William Stein
Analyst at Truist Financial

Great. Thank you.

Operator

And one moment for our next question will come from Toshiya Hari of Goldman Sachs. Your line is open.

Toshiya Hari
Analyst at The Goldman Sachs Group

Hi, good morning. Thank you so much for taking the question. I wanted to follow-up on China. Kurt, you talked about a modest recovery in the region. I was hoping you could speak to linearity in the quarter from either bookings or revenue recognition perspective, and then I guess more importantly when you guys talk about the second-half recovery in your overall business. The second-half being higher than the first-half. Does that contemplate an increase in channel inventory from 1.6 months-to something above 2 or do you have visibility in half-over-half growth without any increase in channel inventory.

Kurt Sievers
President and Chief Executive Officer at NXP Semiconductors

Yes, Toshiya. So-so on the first-half of your question, we will not provide any -- within the segment, within quarter details. So it has gradually improved through the quarter. I mean let's leave it here. The second half of your question is really, really important. The answer is no. Our Q2 guide of $3.2 billion does not need or comprehend any increase of our total inventory. So to be very specific, it sits again on 1.6 months of channel inventory. However, we will take the liberty to increase the channel inventory if and when we see a trend that the sell-through go strong into the third quarter. In order to prepare for that uptick. But then we will also make more than $3.2 billion revenue. So the $3.2 billion, which are in the guidance are connected with 1.6 months we might still go higher, but then we will also print higher high revenue.

Toshiya Hari
Analyst at The Goldman Sachs Group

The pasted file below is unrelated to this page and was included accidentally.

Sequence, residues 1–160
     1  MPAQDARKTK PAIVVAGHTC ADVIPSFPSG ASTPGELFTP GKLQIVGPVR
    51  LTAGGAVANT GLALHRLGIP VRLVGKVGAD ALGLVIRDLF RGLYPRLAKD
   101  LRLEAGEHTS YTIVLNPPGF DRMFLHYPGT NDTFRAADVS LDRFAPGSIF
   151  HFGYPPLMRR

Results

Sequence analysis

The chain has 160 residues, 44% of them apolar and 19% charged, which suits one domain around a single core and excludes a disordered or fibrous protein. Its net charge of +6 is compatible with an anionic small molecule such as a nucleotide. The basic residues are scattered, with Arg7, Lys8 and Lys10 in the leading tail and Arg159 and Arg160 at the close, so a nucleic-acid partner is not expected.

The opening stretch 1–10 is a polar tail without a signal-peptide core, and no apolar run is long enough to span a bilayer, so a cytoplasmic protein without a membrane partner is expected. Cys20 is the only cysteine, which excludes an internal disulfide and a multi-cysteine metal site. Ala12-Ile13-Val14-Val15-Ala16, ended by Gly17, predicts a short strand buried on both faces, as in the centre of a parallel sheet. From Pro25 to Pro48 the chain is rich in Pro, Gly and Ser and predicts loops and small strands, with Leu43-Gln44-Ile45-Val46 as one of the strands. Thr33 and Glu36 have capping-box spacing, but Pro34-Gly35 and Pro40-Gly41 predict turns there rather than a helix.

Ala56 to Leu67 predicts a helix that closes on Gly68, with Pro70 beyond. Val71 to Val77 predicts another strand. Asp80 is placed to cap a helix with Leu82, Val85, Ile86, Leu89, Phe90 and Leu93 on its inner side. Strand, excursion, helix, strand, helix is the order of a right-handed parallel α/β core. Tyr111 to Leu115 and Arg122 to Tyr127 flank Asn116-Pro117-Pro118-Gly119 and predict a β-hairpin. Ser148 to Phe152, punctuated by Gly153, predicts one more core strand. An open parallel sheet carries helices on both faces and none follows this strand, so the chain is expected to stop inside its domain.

Understood. Thank you. And then as my follow-up. I just wanted to clarify on lead times. You mentioned that in. Q1, I think roughly a third of your product had lead times of 52 weeks or longer. Where do you expect that number to be exiting the year, and. I was hoping you could speak to average lead times for your portfolio as well. What your target is. I guess coming out of this pandemic.

Kurt Sievers
President and Chief Executive Officer at NXP Semiconductors

Yes, this is a it's a tricky question because the lead times are a function of the amount of NCNR orders we have. I spoke earlier about the fact that our automotive business, which is the lead example for this is largely covered by NCNR orders. And that's simply means that whole product portfolio for these customers if they now ask for an additional order, of course they get only a confirmation for next year, because it's already ordered out. So I mean the way you got to think about this is, if all of our business was covered by NCNR orders, all of our business would have 52 weeks lead time. Now, we don't have that it's only a part of it, but that's why as long as we stick to the concept of annual, they are based on calendar years annual NCNR orders, we will have a sizable part of our portfolio sitting on 52-plus weeks lead-time. It's just a consequence of the NCNR orders. So that's why, to answer your question, it depends, if again for calendar 224, we will enter into the concept of NCNR orders, if we do that, and by the way I expect that we will do that, we will have still a sizable part of the portfolio with lead times above 52 weeks too. Now, operator I think we got to terminate the call here. We are at the, at the pull of the hour, so I just want to thank you all for your attention through today's call.

I trust you felt that we are as a pivotal point in navigating through this cycle where we see that we are successfully navigating the consumer-oriented weakness in our business. And seeing a a change in slope of that business while the core industrial, automotive and also large parts of comms Infra continue to be resilient and strong. And then if we put all of these pieces together, that leads us then to what we said today, which is the second half of this year revenue being above the first half and now also a guidance into the second quarter where each of our four segments is actually sequentially growing.

And with that I want to thank you all for your attention. Thank you.

Jeff Palmer
Senior Vice President, Investor Relations at NXP Semiconductors

Thank you, everyone. And this will conclude our call for today. Thank you very much.

Operator

[Operator Closing Remarks].

Alpha Street Logo

 


Featured Articles and Offers

Search Headlines:

More Earnings Resources from MarketBeat

Upcoming Earnings: